You can then select “Drive Options” which will allow you to delete or format partitions if any are present aswell as create new ones if there is unallocated space on the hard disc.
Note if you have not backed up your files (unrecommended) and want to later restore them don’t opt to delete or format the drive, just select the largest partition and select next. All the folders/files from the former Windows installation will be relocated to a Windows.old folder. The desired files can be copied from Windows.old to their desired location after Windows installation.
If you are installing on a Media Direct system and have set up the media partitions in advance. Select the largest partition and select next.
If performing a clean install on a drive that had Windows XP or Vista factory installed you will encounter several factory installed partitions. I recommend selecting and deleting all these partitions as they are a waste of hard drive space and non-functional after manual Windows installation.There may also be a small diagnostics partition on older systems for the F12 preboot diagnostics which can also be deleted.* After all of these are deleted you can select new to create a new partition on the hard drive and select next for installing Windows. When you install Windows Vista it will make a small system reserved partition of 100 MB, don’t worry about this as it is normal operation.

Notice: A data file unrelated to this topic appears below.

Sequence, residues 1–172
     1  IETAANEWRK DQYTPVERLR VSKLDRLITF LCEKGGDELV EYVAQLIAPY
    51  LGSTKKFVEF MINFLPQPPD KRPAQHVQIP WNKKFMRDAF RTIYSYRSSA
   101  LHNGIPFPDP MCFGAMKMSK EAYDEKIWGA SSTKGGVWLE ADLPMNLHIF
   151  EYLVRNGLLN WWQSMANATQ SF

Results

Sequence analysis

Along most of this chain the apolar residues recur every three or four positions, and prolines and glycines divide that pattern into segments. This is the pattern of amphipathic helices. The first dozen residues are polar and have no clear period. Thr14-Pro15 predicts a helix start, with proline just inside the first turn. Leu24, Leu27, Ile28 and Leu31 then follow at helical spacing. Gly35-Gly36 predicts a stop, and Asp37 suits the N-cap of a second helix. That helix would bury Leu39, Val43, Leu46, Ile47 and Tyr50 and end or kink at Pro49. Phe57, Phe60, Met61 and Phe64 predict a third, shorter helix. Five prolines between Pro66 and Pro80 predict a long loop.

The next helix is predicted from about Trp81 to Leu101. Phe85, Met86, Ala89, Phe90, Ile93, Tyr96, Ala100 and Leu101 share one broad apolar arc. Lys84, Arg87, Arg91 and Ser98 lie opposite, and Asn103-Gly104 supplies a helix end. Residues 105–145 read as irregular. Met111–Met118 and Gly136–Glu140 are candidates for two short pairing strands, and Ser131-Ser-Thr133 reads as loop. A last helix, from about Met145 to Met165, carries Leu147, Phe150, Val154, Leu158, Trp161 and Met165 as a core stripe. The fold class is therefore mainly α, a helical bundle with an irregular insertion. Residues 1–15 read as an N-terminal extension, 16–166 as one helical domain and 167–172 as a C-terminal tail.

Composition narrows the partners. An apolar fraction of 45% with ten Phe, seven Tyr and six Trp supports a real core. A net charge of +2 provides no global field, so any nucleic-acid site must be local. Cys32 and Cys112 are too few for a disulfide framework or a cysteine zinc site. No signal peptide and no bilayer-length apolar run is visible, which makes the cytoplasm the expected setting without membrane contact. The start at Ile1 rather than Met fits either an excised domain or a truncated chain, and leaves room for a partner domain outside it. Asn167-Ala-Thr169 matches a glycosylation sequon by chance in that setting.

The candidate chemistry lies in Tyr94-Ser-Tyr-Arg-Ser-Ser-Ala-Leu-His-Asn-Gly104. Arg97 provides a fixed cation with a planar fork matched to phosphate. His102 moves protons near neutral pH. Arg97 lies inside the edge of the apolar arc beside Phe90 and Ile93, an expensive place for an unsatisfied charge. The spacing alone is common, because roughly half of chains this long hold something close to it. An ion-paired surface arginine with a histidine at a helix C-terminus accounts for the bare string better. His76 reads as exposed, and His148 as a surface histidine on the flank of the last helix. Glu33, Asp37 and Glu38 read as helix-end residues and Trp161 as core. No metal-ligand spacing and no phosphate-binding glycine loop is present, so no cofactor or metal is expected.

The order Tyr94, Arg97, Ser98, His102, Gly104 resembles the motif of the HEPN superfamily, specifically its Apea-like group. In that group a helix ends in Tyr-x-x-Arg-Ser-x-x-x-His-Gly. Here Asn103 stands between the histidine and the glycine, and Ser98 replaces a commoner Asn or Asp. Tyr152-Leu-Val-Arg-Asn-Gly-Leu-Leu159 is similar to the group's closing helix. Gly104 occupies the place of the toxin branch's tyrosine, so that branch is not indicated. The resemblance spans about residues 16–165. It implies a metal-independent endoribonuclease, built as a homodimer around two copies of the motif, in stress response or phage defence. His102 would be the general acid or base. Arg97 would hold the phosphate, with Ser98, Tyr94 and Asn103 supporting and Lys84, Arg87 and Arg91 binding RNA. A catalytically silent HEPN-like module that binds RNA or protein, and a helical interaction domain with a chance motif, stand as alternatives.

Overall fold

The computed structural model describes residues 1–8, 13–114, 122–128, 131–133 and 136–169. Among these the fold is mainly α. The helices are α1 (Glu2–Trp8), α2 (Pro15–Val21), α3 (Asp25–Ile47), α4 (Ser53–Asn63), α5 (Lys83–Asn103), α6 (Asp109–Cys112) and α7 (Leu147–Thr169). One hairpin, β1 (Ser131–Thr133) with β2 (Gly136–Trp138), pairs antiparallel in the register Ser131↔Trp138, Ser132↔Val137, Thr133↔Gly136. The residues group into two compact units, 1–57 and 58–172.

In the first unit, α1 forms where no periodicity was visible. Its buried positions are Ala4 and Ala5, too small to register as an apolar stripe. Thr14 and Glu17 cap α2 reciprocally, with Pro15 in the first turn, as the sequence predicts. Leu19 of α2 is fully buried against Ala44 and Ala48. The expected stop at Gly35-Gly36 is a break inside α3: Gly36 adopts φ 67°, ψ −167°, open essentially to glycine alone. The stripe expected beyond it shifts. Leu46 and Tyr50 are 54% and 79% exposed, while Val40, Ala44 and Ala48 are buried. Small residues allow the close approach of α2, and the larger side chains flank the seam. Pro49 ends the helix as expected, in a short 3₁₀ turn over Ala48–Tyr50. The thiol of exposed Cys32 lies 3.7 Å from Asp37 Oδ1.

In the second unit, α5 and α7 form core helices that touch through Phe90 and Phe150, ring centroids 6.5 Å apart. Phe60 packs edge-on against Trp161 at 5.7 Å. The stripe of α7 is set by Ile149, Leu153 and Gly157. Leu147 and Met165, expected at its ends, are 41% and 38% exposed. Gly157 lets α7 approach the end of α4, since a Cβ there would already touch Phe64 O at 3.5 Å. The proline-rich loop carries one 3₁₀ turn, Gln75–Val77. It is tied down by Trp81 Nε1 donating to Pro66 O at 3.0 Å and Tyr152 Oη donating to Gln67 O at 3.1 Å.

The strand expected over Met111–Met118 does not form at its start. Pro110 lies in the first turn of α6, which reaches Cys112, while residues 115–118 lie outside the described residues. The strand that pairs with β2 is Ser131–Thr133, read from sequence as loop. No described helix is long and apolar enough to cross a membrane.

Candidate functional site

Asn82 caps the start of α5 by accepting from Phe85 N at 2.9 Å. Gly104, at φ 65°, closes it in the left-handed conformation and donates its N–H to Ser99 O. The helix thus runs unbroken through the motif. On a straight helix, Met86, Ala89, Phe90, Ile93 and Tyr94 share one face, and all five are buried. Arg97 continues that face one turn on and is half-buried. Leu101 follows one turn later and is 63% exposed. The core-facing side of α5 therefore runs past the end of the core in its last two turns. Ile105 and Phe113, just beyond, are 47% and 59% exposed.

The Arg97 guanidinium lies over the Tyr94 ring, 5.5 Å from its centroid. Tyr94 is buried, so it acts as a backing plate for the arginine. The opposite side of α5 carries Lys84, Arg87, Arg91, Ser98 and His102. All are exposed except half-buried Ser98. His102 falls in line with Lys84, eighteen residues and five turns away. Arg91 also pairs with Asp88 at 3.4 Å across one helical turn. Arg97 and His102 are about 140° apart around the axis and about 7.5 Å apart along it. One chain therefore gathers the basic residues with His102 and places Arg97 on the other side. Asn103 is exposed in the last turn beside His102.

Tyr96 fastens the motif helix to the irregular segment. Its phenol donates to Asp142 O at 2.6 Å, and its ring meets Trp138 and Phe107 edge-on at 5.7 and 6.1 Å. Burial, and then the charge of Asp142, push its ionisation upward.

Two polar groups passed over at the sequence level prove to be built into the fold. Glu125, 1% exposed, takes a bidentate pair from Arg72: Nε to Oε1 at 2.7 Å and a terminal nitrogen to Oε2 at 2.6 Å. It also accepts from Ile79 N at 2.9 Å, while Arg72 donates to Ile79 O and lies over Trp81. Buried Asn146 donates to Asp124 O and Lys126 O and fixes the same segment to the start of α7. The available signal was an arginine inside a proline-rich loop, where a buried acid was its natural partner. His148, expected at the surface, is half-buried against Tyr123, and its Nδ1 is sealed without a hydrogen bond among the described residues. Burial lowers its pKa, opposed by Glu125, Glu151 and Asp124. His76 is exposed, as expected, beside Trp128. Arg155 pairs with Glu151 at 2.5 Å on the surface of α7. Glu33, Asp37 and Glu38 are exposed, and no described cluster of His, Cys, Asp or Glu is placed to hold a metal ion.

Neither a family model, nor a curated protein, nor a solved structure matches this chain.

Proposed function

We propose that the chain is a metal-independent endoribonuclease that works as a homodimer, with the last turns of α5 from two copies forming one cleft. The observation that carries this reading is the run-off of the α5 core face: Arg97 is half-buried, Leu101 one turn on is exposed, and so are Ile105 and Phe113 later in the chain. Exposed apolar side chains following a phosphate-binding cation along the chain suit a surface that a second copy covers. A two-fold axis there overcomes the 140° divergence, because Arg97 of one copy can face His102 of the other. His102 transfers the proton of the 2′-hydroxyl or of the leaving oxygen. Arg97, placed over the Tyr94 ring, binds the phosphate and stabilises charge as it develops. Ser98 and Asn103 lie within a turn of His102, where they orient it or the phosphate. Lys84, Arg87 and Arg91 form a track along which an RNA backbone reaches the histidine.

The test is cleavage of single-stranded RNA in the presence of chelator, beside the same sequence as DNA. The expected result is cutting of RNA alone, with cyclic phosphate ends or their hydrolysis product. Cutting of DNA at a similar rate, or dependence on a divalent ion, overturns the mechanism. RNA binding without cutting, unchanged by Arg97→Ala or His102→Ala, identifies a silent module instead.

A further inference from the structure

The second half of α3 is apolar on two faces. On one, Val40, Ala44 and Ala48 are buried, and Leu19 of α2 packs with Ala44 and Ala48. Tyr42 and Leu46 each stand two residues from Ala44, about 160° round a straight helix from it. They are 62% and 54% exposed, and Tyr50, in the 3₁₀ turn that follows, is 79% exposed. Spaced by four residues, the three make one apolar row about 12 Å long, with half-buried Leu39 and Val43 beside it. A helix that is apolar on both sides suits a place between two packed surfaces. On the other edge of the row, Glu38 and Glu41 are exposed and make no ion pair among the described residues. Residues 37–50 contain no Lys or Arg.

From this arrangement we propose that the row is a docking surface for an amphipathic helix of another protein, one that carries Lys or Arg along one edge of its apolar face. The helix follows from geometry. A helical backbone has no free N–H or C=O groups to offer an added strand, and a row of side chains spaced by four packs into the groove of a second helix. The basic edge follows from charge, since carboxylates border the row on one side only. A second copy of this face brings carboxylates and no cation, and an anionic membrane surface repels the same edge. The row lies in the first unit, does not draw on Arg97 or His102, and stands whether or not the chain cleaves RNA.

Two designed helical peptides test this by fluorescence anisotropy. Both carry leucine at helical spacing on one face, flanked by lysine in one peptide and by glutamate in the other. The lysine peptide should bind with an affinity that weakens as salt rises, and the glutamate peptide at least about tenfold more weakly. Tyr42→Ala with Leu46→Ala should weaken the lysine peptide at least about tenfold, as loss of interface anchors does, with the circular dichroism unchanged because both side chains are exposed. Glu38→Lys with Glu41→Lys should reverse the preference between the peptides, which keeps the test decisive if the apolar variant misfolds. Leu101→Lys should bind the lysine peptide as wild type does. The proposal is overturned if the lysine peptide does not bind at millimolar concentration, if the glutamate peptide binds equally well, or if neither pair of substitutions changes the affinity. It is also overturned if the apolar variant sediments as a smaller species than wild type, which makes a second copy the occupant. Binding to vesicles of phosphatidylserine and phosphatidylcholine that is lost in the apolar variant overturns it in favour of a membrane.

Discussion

If you have securely wiped your system with DBAN or replaced the hard drive/solid state drive (recommended) you can select new to create a new partition on the hard drive and select next for installing Windows. When you install Windows 7 it will make a small system reserved partition of 100 MB, don’t worry about this as it is normal operation.
* These diagnostics can be launched from a bootable USB/CD. If you ever need to launch these diagnostics you can follow my instructions in F12 preboot diagnostics.
Windows Vista will then go through the steps of copying files, expanding files, installing features, installing updates and completing installation:
You will be prompted for a username and password. Enter these and press next.
Note you can leave the password blank (to have no password – not recommended but optional). Personally for convenience I tend to leave the password blank and add one after the installation of Windows 7, drivers and updates as you will be prompted to restart your computer several times.
By default the PC name will be “username-PC” but you can change this as desired. Click next.
The next screen(s) should be about connecting to the internet and/or connecting to a wireless network. In this case the system is a home desktop connected to a router via an Ethernet cable.
Thus Home network is selected.
You may alternatively be asked about connecting to a wireless network.
Note the above screen should show only if your system can connect to the internet. Often the network drivers are needed to be installed before connecting to a network so this step may not show or if it does skip it if you cannot connect.
The setup will then tell you thank you. Press start.
Windows will then assess yur systems performance which you cannot skip (although its a waste of time assessing the performance until the system drivers are installed)
You will then be taken to the Windows Vista Desktop.